6. Warp

    Warp Member

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    "Today's guns"...could you be any more vague and broad?


    Lots and lots of steel case ammo is shot successfully through lots and lots of today's guns. If you want to save some money on your plinking/practice ammo, don't mind/the range doesn't mind the bimetal jacket that probably comes with it, and you aren't looking to pick up the brass for reloading/trade/sale...go for it and shoot steel case
     
  7. Swing

    Swing Member

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    My experienced with it has been mixed, at best. It was the only ammunition that made my Mini-14 choke a few times. It would not feed more than a single round in my AR (bang, jam, clear, bang, jam, clear). It worked in a M1911A1 so-so. It ran like a champ in an AK-47 I used to have. I avoid the stuff now, though I am tempted to run el cheapo steel in .38 Special/.357 Magnum wheelgun for practice.
     
  8. Ignition Override

    Ignition Override Member

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    At "Perfectunion" a few years ago a gunsmith had evaluated brass getting stuck in Mini 14/30 chambers after rigid steel had allowed plenty of powder residue to accumulate.

    This allowed expanded brass to get pushed into the gunk.
    Clean a gun's chamber on a frequent basis.

    As for lacquer-coated cases, people required blowtorches to cause the lacquer to melt.
    Some stories about lacquer melting due to normal use could easily originate with US ammo manufacturers and businesses only selling US or brass-cased ammo. Is this hard to imagine?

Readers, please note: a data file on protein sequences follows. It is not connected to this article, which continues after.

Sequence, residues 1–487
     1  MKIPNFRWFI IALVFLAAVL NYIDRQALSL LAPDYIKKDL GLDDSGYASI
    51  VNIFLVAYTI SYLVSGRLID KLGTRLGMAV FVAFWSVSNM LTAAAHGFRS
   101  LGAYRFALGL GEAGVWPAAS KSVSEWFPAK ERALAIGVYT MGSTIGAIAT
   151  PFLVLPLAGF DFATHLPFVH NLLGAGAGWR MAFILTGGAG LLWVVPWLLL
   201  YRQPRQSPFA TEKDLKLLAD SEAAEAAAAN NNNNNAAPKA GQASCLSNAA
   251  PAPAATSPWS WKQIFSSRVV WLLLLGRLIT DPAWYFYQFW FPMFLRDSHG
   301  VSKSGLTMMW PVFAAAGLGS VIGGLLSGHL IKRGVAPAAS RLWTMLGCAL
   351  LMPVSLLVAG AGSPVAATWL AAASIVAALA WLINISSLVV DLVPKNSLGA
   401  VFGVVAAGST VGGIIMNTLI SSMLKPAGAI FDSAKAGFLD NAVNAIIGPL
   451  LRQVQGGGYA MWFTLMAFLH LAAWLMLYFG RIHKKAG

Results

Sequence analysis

Last edited: Sep 27, 2016
  9. rondog

    rondog Member

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    If you must shoot steel cased ammo, please pick up your empties and throw them in the trash can! Don't be "that guy" that thinks it's fine to leave 'em lay, because "they'll rust away". Sure, they'll rust away, but not likely in our lifetime.

    And us brass pickers HATE the damn things! I carry a big magnet on a pole to the range to help clean 'em up. $10 at Home Depot, everybody needs one.
     
  10. BHP FAN

    BHP FAN Member

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    I have fired multiple sardine cans of the stuff, with zero issues. 8mm Romanian, 7.62x54r Hungarian and Russian, 7.62x39 in my SKS, 7.62x25 in my Tokarev, you name it. Oh, wait. I had some 9mm Tula jam up in a 1946 Star, but I think that might have been a magazine issue.
     
  11. macgrumpy

    macgrumpy Member

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    As I suggested, if the rifle you have was made by a country that produces rifles designed to fire steel ammo then you wont have a problem. Most ex-Soviet bloc countries produce weapons that are designed to fire steel cased ammo so Kalashnikovs, Tokarevs, Mosin Nagants, etc. are going to shoot steel cased ammo without a hitch. The Soviets used steel cases during WWII because it was cheap and easy for them to get, they had very little brass available so they were forced to design their weapons to use steel cases. Even today's price of steel is around 15 cents per pound while cartridge brass is around $1.82 per pound. The U.S. military explored the idea of using steel but it decided that since the we had a good source of brass it wasn't worth the effort required to redesign our weaponry. A 1971 Frankford Arsenal report concluded"